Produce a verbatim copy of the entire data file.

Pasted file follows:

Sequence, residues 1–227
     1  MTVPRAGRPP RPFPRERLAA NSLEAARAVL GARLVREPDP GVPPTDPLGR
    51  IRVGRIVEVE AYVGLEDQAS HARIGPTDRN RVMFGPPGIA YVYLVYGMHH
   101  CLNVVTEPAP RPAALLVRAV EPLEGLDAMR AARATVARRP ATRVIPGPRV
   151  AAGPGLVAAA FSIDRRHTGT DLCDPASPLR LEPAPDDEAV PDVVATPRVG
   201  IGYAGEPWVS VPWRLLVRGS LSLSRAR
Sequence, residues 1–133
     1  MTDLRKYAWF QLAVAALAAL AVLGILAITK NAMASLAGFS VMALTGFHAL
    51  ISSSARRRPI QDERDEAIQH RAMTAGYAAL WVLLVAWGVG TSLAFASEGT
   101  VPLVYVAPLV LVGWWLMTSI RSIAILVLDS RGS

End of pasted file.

Sequence, residues 1–227
     1  MTVPRAGRPP RPFPRERLAA NSLEAARAVL GARLVREPDP GVPPTDPLGR
    51  IRVGRIVEVE AYVGLEDQAS HARIGPTDRN RVMFGPPGIA YVYLVYGMHH
   101  CLNVVTEPAP RPAALLVRAV EPLEGLDAMR AARATVARRP ATRVIPGPRV
   151  AAGPGLVAAA FSIDRRHTGT DLCDPASPLR LEPAPDDEAV PDVVATPRVG
   201  IGYAGEPWVS VPWRLLVRGS LSLSRAR
Sequence, residues 1–133
     1  MTDLRKYAWF QLAVAALAAL AVLGILAITK NAMASLAGFS VMALTGFHAL
    51  ISSSARRRPI QDERDEAIQH RAMTAGYAAL WVLLVAWGVG TSLAFASEGT
   101  VPLVYVAPLV LVGWWLMTSI RSIAILVLDS RGS